Posts Tagged Impersonality

Dysfunctional Aspects -1

We are talking Dysfunctional Aspects. We talked Rigidity and Impersonality in our previous talk. Today we are going to talk about Displacement of Objectives and Compartmentalization of Activities.


Displacement of Objectives

Rules originally devised to achieve organizational goals at each level become an end in themselves independent of organizational goals. Thompson calls such bureaucratic behavior as a process of “inversion of ends and means”. When individuals holding office at lower levels pursue personal objectives or objectives of sub units, the overall objectives of the organization may be neglected. When objectives get so displaced it is often difficult for managers at higher levels or even for the other constituents of the organizations such as consumers and stock holders to seek redress.


Compartmentalization of Activities

Specialization and division of labor are encouraged in bureaucracies to improve organization effectiveness. But the resulting categorization breeds the notion of watertight compartmentalization of jobs, restricting people from performing tasks that they are capable of performing. For example, a pipe fitter can install a pump, but is prohibited from making the electrical connection. It would also encourage a tendency to preserving existing jobs even when they become redundant. The sequential flow of work may usually have an element of idle time at almost every level. The bickering over respective jurisdictions based on specialization and categorization may also often induce dysfunctional conflict in the place of coordination and cooperation among various submits of an organizations.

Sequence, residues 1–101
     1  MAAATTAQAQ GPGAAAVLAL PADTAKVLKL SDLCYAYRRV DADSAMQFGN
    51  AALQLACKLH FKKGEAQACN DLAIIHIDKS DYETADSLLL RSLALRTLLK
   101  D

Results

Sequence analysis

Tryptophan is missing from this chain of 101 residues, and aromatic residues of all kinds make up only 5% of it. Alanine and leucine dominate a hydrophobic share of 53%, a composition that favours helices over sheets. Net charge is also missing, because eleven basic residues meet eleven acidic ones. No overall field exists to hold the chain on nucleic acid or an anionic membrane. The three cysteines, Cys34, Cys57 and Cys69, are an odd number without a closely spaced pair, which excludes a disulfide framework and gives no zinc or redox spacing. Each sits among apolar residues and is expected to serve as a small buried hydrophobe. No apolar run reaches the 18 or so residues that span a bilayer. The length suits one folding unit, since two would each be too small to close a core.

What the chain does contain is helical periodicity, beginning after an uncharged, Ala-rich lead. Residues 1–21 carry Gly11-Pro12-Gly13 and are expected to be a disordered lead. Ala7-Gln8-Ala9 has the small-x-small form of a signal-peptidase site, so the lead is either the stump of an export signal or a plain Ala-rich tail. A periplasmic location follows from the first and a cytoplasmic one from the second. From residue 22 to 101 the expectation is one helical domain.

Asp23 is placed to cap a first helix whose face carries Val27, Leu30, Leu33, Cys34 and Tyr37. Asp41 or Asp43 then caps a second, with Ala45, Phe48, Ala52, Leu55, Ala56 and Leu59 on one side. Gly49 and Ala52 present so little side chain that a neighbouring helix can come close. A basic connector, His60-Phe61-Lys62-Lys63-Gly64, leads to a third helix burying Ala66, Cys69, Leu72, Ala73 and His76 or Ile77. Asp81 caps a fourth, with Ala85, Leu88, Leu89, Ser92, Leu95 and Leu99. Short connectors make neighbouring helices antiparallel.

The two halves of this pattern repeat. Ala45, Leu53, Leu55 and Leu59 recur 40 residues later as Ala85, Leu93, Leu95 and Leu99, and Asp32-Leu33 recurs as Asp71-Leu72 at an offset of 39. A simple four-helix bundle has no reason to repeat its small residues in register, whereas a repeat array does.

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Dysfunctional Aspects

Bureaucracies, particularly in large complex organizations, may have unintended consequences which are often referred to as dysfunctional aspects of bureaucracy. For example, A Commercial real estate or shopping centers electric cabling plan or oceanfront luxury condos layouts require a complex planning. Over the years, there has been much disenchantment with the functioning of bureaucracies which created many antagonists of bureaucracy who prophesied about its gradual demise. The skeptics optimism however, did not fructify. None could propound workable alternatives.


As a result, bureaucracies survived notwithstanding the myriad dysfunctional aspects. It is not possible here to list all the dysfunctional functions caused by what Thompson calls as ‘bureaucratic’ behavior. There is also no agreement on whether all these are really counterproductive, because some of them at least are perceived at times as disguised blessing. The more prominent among the dysfunctional aspects include the following: 

  • Rigidity
  • Impersonality
  • Displacement of Objectives
  • Compartmentalization of Activities
  • Empire building
  • Red Tape

Critics of bureaucracy argue that rules are often and inflexible, encouraging status quoism and breeding resistance to change. Compliance with rules may provide the cover to avoid responsibility for failures. 

Bureaucracies emphasise mechanical way of doing things, giving primacy to organizational rules and regulations than individual’s needs and emotions. Contractual obligations receive primacy, relegating human relations to a back seat. The office a person holds is important than the person per se.

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